The sun found its lonely beams stretching through the window of my ice-cold room. Its rays extended, reaching through my numb face. Somehow, its gentle warmth woke me from my deep slumber. I open my eyes and thought, “it’s September again.”
Like a cold wintry morning, Billie Armstrong has seen the month of September as a time that passes by slowly; it felt heavy and suffocating trying to forget the marks and memories that his father had imprinted. He avoided writing about him for many years until his breakthrough came in the flesh. “Wake Me Up When September Ends” by Green Day has become the annual internet meme that bitterly welcomes the 9th month of the year.
Most are unaware of the painful memory stuck in between the lines of the song’s lyrics. It was meant to express Billie’s grievances upon the passing of his father on the 1st of September, 1982, due to esophageal cancer. At that time, the songwriter was only ten years old. During his father’s funeral, he ran home crying and locked himself in his room. When his mother arrived, she knocked on the door, and Billie responded, saying, “Wake me up when September ends,” hence the song’s title.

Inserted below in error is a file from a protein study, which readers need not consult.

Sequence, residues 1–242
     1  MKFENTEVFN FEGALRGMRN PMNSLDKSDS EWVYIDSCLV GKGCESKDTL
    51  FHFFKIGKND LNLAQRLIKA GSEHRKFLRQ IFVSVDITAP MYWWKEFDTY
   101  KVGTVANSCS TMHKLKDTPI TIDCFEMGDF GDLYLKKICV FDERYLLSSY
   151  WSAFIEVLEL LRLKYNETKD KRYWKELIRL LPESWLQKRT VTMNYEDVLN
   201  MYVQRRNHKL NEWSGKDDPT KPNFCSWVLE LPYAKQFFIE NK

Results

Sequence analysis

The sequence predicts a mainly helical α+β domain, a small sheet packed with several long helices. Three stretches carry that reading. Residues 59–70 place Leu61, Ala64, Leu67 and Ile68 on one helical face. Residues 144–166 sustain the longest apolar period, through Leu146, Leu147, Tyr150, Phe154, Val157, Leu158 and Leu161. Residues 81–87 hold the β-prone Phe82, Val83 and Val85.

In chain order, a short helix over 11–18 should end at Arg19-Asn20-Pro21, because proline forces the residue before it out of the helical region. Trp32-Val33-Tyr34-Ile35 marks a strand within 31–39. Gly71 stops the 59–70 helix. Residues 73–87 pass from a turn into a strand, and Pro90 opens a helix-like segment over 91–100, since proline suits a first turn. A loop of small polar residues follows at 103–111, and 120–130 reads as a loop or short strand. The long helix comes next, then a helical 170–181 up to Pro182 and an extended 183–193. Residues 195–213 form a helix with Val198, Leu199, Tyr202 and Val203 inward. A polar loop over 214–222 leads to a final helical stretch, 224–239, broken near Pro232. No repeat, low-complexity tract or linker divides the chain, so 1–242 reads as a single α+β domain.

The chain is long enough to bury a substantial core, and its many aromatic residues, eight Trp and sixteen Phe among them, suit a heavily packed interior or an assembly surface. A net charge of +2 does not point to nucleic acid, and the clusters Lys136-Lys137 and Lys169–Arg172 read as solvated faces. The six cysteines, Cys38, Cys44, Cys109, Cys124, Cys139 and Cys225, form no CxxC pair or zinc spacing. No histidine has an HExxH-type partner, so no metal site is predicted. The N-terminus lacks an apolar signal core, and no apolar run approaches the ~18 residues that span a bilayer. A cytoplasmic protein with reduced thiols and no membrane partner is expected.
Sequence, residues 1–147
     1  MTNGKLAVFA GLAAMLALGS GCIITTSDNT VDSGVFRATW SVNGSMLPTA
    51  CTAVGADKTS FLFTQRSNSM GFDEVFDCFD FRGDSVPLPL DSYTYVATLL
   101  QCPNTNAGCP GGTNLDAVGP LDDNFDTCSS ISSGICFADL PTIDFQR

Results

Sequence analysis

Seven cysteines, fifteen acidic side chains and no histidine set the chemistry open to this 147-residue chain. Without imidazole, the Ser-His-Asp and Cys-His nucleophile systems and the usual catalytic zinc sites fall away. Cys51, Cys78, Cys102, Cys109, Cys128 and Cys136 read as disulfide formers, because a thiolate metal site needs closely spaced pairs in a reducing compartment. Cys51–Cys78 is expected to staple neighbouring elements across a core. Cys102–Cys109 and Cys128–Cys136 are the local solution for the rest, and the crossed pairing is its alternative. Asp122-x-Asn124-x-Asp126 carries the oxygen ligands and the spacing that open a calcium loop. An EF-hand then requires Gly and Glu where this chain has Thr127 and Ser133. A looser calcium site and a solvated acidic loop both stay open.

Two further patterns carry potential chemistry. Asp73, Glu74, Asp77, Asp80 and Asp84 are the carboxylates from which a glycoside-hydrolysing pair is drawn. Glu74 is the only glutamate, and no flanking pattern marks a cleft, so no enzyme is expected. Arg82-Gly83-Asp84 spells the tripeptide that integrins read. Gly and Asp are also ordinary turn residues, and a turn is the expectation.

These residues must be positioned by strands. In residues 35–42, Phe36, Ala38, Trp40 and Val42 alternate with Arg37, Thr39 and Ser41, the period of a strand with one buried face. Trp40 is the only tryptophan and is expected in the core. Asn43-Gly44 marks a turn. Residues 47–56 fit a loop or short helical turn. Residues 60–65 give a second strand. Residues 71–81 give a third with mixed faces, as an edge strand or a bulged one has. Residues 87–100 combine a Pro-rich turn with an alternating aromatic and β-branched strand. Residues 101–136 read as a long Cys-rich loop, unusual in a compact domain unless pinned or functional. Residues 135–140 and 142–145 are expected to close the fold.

His father’s passing felt like a wave, driven and tossed by the wind because of how the pain continues to linger on that painful memory, almost as if it just happened yesterday. When Billie wrote this song, it not only became an expression of negative emotions, but it became a release of misery that comforted him and allowed him to conclude that the song was in honor of his late father. While seeing different faces of the moon as each night passes by, we are reminded that every deep, dark, and shallow phase in our lives goes by, and a sun rising through the clouds on the horizon welcomes us to a new chapter.
Even if it often feels like we would risk exchanging our tomorrows to take even just a single yesterday, there is nothing more fulfilling than a life that seeks what is ahead. Billie Armstrong turned his sorrows into a commemoration for his love and admiration for his father, which freed him from the inevitable trouble of goodbyes.